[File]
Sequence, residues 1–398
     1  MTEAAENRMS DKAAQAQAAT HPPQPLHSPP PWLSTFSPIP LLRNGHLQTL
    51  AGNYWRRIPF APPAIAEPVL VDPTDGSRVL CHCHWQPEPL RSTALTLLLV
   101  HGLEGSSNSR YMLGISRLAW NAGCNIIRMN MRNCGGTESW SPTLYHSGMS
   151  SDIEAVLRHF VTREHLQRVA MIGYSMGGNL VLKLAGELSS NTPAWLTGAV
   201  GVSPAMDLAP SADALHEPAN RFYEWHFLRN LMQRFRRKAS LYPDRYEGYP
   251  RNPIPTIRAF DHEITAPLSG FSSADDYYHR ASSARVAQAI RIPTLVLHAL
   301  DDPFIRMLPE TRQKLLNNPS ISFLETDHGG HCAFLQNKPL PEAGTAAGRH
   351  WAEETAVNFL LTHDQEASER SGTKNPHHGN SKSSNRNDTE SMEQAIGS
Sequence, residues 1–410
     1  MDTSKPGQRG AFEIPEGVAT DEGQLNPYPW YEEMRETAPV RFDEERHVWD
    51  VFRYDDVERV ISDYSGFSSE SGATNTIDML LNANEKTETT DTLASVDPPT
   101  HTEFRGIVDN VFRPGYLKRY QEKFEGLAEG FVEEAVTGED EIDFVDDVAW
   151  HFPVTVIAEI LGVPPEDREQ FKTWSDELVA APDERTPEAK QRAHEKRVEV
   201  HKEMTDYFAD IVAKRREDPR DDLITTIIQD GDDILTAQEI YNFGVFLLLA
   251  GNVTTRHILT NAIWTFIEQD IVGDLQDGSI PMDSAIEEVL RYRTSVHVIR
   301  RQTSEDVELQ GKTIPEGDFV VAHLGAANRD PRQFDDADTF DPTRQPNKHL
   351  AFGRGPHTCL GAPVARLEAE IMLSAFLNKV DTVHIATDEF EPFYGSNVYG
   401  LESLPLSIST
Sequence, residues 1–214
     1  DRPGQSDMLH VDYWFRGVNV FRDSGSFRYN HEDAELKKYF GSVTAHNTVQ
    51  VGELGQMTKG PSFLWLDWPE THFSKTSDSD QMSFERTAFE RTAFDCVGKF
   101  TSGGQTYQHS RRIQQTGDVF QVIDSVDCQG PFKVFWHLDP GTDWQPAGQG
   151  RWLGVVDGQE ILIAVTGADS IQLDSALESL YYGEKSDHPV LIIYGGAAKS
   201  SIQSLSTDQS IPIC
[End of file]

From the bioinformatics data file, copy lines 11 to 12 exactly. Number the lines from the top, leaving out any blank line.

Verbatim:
     1  MDTSKPGQRG AFEIPEGVAT DEGQLNPYPW YEEMRETAPV RFDEERHVWD
    51  VFRYDDVERV ISDYSGFSSE SGATNTIDML LNANEKTETT DTLASVDPPT